Nearly all teachers get into the profession because they love it. They love their subject matter, the students, the intellectual curiosity, the debate, and the ability to mentor, mold minds, and hang out with those who enjoy similar passions for their fields. Educators certainly don't do it for the big bucks, although the recent trend (however slight it may be) towards higher salaries is encouraging.
But there's an enemy always lurking out there, one that, from time to time, is strong enough to take down the most enthusiastic educator: the dreaded burnout bug.
A. Gary Dworkin states that the term 'burnout' "is usually applied to the work of human service professionals and their loss of enthusiasm toward their work and an increased desire on their part to quit…The malady is characterized by emotional exhaustion and a lost sense of personal accomplishment. The workers no longer perform their roles effectively and sometimes even become hostile or uncaring about those with whom they are charged to serve." That sounds about right to me.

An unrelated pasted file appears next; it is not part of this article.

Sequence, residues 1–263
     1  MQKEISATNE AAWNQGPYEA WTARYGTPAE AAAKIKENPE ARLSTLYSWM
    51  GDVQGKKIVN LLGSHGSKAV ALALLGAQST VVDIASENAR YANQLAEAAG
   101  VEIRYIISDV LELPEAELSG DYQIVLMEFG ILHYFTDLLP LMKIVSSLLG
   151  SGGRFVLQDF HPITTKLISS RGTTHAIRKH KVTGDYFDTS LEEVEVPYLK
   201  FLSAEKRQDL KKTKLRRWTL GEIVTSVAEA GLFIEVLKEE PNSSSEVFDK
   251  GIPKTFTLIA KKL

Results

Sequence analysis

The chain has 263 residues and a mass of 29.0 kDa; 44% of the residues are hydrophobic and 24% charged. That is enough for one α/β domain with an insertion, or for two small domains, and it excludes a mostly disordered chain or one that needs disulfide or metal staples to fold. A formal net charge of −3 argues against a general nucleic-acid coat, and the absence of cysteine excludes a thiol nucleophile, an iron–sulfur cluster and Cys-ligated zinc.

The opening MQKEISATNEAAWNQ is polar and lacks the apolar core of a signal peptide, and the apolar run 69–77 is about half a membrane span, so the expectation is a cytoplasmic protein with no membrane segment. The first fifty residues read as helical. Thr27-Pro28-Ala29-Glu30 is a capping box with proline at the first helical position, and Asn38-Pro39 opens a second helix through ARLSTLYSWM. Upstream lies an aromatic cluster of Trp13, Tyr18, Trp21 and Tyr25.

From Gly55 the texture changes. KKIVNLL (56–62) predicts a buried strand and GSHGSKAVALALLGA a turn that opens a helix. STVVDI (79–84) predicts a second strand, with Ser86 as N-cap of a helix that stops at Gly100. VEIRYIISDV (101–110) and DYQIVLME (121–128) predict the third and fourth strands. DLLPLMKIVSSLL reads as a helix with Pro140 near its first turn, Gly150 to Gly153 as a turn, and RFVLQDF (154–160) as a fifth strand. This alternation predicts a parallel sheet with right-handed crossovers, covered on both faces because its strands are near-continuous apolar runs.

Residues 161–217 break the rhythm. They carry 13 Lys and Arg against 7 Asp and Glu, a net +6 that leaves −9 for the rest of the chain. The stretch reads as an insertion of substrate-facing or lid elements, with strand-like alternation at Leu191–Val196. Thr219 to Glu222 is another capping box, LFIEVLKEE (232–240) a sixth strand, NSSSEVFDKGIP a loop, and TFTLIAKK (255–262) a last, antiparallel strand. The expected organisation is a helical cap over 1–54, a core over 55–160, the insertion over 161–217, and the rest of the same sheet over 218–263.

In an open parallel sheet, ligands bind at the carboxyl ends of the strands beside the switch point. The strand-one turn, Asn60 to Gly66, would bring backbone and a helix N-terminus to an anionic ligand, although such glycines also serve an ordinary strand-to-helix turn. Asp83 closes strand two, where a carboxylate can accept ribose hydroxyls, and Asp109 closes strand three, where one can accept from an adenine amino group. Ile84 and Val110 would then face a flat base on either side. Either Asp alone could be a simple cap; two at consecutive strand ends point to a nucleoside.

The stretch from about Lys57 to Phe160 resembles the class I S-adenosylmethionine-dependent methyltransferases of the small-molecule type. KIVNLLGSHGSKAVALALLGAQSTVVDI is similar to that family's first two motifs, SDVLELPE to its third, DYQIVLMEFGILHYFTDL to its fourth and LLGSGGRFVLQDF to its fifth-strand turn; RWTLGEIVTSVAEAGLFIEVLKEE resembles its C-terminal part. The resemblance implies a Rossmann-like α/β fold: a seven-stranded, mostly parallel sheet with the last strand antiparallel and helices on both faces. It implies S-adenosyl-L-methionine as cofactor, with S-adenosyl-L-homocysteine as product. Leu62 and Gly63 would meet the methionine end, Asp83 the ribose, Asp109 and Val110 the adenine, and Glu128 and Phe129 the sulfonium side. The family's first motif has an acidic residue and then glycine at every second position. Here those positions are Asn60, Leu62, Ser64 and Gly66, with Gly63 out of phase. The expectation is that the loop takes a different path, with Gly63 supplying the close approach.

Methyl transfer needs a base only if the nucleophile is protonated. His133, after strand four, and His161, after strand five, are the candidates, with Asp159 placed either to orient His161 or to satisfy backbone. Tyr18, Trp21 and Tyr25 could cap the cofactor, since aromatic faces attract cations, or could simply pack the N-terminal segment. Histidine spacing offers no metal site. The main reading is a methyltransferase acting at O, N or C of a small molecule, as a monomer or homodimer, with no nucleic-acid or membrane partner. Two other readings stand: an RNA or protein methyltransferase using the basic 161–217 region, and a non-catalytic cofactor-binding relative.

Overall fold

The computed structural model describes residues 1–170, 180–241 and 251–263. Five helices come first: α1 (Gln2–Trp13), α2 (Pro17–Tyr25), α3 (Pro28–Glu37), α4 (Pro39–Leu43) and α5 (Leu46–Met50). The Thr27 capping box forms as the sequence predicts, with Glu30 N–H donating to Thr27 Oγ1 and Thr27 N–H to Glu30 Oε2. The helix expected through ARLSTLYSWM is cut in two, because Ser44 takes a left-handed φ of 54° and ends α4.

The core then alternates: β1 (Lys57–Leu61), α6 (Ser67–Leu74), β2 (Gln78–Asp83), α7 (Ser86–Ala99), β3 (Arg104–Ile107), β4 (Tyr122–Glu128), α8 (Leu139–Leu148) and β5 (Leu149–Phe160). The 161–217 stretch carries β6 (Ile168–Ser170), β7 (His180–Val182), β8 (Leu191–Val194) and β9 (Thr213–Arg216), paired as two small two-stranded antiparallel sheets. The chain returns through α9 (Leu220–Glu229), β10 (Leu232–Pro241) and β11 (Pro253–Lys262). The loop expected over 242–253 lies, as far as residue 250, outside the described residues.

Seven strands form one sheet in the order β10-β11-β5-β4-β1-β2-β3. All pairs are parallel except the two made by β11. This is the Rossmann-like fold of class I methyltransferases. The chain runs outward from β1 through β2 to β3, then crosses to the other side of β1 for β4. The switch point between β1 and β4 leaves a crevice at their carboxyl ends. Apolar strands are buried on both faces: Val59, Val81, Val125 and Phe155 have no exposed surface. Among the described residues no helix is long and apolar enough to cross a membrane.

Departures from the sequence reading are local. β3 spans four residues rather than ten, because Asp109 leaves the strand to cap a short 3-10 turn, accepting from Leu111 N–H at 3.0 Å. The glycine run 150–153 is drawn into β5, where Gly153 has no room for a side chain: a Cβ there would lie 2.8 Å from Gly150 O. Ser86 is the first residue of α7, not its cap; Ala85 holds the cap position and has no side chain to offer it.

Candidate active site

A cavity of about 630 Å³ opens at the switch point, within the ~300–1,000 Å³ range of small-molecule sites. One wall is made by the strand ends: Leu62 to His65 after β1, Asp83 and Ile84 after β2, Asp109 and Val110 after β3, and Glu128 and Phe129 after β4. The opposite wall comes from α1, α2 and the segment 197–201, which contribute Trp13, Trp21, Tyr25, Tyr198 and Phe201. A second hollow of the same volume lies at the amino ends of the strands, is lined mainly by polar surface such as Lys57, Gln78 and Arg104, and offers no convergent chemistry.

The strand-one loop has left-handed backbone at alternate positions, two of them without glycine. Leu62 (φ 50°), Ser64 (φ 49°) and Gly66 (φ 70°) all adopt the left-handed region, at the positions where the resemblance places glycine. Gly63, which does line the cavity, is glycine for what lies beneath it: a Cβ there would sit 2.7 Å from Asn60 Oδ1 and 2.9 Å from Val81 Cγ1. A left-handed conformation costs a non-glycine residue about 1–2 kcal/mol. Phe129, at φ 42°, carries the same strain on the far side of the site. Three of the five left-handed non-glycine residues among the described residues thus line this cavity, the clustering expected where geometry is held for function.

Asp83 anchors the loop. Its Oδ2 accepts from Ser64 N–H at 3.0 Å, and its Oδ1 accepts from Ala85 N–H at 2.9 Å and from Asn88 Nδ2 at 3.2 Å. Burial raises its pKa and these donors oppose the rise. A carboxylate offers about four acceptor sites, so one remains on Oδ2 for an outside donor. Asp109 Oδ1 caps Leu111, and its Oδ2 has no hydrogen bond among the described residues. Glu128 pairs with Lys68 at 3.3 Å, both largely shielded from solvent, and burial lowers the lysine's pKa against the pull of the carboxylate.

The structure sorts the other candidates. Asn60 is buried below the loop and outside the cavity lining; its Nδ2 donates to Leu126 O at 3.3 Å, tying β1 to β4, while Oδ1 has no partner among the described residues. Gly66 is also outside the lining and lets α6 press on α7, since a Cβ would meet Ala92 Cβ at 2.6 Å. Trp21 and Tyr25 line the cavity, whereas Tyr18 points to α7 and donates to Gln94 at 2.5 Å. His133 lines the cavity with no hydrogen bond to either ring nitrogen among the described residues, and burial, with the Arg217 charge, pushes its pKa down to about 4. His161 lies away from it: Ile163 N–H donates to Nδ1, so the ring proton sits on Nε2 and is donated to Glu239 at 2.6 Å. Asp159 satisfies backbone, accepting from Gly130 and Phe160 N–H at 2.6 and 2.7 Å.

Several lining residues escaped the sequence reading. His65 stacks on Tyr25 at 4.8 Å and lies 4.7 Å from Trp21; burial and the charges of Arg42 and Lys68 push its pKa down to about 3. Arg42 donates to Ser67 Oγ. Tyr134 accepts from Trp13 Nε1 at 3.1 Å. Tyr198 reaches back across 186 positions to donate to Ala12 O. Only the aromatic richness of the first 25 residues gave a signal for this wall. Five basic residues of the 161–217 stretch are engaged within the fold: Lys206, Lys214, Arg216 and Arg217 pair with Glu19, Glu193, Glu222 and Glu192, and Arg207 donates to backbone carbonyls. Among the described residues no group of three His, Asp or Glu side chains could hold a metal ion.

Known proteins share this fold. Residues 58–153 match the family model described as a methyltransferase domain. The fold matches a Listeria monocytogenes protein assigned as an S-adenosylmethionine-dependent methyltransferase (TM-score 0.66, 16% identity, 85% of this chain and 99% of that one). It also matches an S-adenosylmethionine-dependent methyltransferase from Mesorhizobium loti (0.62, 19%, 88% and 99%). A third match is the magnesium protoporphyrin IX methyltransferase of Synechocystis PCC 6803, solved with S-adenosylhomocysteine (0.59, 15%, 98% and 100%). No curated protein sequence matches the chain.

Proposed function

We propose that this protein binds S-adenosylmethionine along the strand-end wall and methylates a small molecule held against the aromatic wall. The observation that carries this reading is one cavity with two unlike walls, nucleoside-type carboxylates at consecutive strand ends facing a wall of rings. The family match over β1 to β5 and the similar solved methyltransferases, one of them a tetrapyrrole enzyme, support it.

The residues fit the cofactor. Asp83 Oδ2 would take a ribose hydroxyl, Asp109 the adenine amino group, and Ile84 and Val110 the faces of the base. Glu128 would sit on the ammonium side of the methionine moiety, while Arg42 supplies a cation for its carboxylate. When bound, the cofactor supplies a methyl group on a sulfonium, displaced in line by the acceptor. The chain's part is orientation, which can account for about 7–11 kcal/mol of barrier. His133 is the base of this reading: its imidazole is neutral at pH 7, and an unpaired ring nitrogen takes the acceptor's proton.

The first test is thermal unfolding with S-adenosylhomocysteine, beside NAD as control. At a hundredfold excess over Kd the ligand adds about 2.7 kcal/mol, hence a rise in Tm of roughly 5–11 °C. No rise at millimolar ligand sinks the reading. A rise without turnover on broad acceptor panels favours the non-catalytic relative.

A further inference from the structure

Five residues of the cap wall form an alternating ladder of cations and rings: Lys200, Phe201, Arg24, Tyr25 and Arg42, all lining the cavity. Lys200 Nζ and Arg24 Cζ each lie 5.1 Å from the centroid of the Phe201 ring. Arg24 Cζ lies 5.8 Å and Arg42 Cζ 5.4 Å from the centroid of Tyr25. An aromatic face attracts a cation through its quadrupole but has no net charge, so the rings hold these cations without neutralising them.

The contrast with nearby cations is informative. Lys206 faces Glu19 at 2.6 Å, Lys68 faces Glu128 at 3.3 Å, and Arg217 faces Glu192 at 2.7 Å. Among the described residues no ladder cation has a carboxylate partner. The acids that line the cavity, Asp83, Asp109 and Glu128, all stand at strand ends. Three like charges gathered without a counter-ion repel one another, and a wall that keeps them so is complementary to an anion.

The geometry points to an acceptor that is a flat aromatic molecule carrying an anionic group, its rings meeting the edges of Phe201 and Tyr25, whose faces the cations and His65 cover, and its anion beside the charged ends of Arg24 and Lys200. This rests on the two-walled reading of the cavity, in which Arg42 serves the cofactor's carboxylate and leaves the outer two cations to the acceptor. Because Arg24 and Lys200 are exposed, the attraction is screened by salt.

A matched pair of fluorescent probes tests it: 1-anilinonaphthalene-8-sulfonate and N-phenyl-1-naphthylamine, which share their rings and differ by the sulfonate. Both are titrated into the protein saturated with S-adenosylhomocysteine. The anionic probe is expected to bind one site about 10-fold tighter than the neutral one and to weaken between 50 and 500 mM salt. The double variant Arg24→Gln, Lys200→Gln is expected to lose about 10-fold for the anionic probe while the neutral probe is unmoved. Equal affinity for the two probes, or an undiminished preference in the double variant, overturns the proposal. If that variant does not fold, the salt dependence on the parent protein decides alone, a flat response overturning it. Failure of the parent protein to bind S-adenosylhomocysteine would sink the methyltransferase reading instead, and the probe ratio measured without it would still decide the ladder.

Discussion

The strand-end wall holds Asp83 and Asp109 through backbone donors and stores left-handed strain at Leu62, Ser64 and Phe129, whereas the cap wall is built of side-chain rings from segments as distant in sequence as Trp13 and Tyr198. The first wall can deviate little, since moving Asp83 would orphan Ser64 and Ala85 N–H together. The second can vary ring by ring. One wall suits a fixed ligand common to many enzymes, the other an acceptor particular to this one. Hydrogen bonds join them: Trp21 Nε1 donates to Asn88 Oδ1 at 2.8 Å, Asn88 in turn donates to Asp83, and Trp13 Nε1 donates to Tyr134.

When I ask my fellow professors and teachers how they beat burnout, I get a variety of answers, ranging from "bourbon" to "therapy" to "retirement." One former student told me "You don't. Some survive it and eventually find a balance, but we all go through it to some degree."
But instructors are hardly powerless against the forces of being worn down. There are several steps they can take to battle burnout.
"I think educators see burnout with a rearview mirror," my high school government and economics teacher told me. "I don't know if one can avoid it as much as one tries to manage it." That's a sobering thought. But even though you may not see burnout coming, that doesn't mean you can't plan for its ultimate advent. Even the most chipper teacher is going to have to combat classroom burnout: you can count on it. Still, there's no reason you have to be shocked by it when it hits. You should have a plan at the ready for when burnout arrives.
First, you need to recognize when and why that burnout occurs. For many educators, the burnout comes from the paperwork and the "teach to the test" mania that has afflicted our country and cost us so many fine teachers.